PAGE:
About seven years ago, Jim Kurtz, a Scotiabank branch manager in Winnipeg, decided he wanted to help the Salvation Army collect toys for needy children at Christmas.
“There are very many needy children in the city of Winnipeg and surrounding areas. The numbers astounded me,” said Kurtz, who has worked at Scotiabank for 33 years.
He spoke with his superiors at the bank to see if there would be corporate interest in supporting his initiative and if any of the other staff would want to get involved.
“Lo and behold, most of the Scotiabank community in the city of Winnipeg agreed that this is something they wanted to do and they were excited the bank would support the fundraising effort,” he said.
The initiative has grown to include school fundraisers, community fundraisers and large corporate donations from the likes of McDonald’s, raising about $150,000 to $200,000 in cash and toys each year for the Salvation Army.
“The day I retire, I’ll still be involved in that program,” said Kurtz, who is also involved in many other community efforts.
To honour volunteers such as Kurtz and make it easier for the bank’s 70,000 employees to give back in their communities, Scotiabank launched the Bright Future program. The global philanthropic program brings together all of the bank’s charitable, social and community efforts in one online community.
Scotiabank operates in more than 50 countries and community involvement has been central to the bank’s culture since its inception more than 170 years ago, said Rick Waugh, CEO at Scotiabank.
“Scotiabank has always had this very deep connection with the communities we serve,” said Waugh. “Giving back is a very central part of our culture.”
Over the past five years, Scotiabank has donated about $44 million every year to community causes around the world. It also recognizes how valuable employees’ time is and donates $1,000 to each employee’s charity if they volunteer more than 50 hours over the year.
“The scarcest resource is our time,” he said.
Paula Shortall, a Scotiabank branch manager in St. John’s, N.L., has been volunteering at different organizations in her community since she first started working at Scotiabank 35 years ago.
She has worked with Big Brothers Big Sisters in the past and is currently a member of the Rotary Club and chairman of the Agnes Pratt nursing home foundation.
“When your employer recognizes you and supports you financially by giving back to your charity, I feel rewarded, I feel like they care about what I do. I feel like my company recognizes me,” said Shortall.
In 2010 alone, employees volunteered more than 324,000 hours and the bank donated $7.5 million. However, there were many more employees who volunteered but didn’t know about the program so their hours weren’t counted, said Ann DeRabbie, director of media communications at Scotiabank.
“Because we didn’t have the infrastructure in place, we know we weren’t fully capturing what our employees were doing,” she said. “Now that we’ve got the platform, we have the ability to reach out to more employees and create better awareness that these resources are available. If they’re contributing to their communities, we want to recognize and support that.”
The new portal will have links to the team program, where the bank matches funds raised by employee teams of two to five people up to $5,000 and up to $15,000 for teams of five or more. Kurtz’s team has taken advantage of this for its Salvation Army toy drive initiative.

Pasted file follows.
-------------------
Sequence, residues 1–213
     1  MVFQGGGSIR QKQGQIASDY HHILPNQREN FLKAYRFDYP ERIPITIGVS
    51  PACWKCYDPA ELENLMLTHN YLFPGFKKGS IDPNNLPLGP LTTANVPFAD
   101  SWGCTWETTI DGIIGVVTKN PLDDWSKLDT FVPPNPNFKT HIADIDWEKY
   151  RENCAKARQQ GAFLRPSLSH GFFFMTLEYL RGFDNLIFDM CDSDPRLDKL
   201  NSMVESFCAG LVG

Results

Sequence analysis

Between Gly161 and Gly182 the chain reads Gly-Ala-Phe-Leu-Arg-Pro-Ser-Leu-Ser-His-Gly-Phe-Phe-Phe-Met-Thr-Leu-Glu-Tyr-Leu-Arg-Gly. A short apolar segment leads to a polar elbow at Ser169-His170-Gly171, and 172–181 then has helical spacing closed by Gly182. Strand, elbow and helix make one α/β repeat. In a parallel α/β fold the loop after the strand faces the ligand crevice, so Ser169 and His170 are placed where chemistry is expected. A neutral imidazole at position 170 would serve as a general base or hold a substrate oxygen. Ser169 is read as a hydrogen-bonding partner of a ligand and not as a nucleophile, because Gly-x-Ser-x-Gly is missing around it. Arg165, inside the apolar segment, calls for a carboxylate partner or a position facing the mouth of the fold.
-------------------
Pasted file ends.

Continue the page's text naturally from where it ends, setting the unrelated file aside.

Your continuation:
To further encourage employees’ community involvement, the bank also launched a community leadership award that will recognize two employees (one Canadian, one international), two teams (one Canadian, one international) for their commitment to their community. The bank will donate $2,500 to the individual recipients’ charity of choice and $5,000 to the winning teams’ charity.
Charities, regardless of location, will be able to log onto the Bright Future website to find out how to apply for corporate support and post volunteer opportunities in the communities in which Scotiabank operates, said DeRabbie.
Employees will then be able to find the opportunities in their regions that match their skills and interests, she said. The site will also serve as a community for bank employees to share their stories, best practices and achievements.
The bank has been working on the program for the past year and while developing an internal online community for 70,000 employees has been a daunting task, making sure it will be relevant in all the bank’s communities has been easy, said DeRabbie.
While there is an overarching banner and broad guidelines, the program is still executed at the local level, she said.
“The employees who are in those communities know best what the needs of those communities are. So the decision-making is still very localized within that community,” she said.
In having such a program, Scotiabank is differentiating itself from the competition in a business and HR perspective, said Craig Kielburger, co-founder of the charity Free the Children.
“Young people graduating from school are looking for employers who do give back. It is a recruitment issue, it’s a brand differentiation issue,” said Kielburger. “We live in an age where so many people, sadly, aren’t inspired. They’re looking for a lot more than a paycheque from an employer today. They’re looking to work at a place that also gives back.”
And corporations need to celebrate and recognize the fact people are committed to their community, he said.
“I dream of the day when every single large corporation, or small, has a corporate social responsibility program that celebrates employee volunteerism, that helps to give financial contributions to the community and builds strong ethical practices as they run their company,” said Kielburger.
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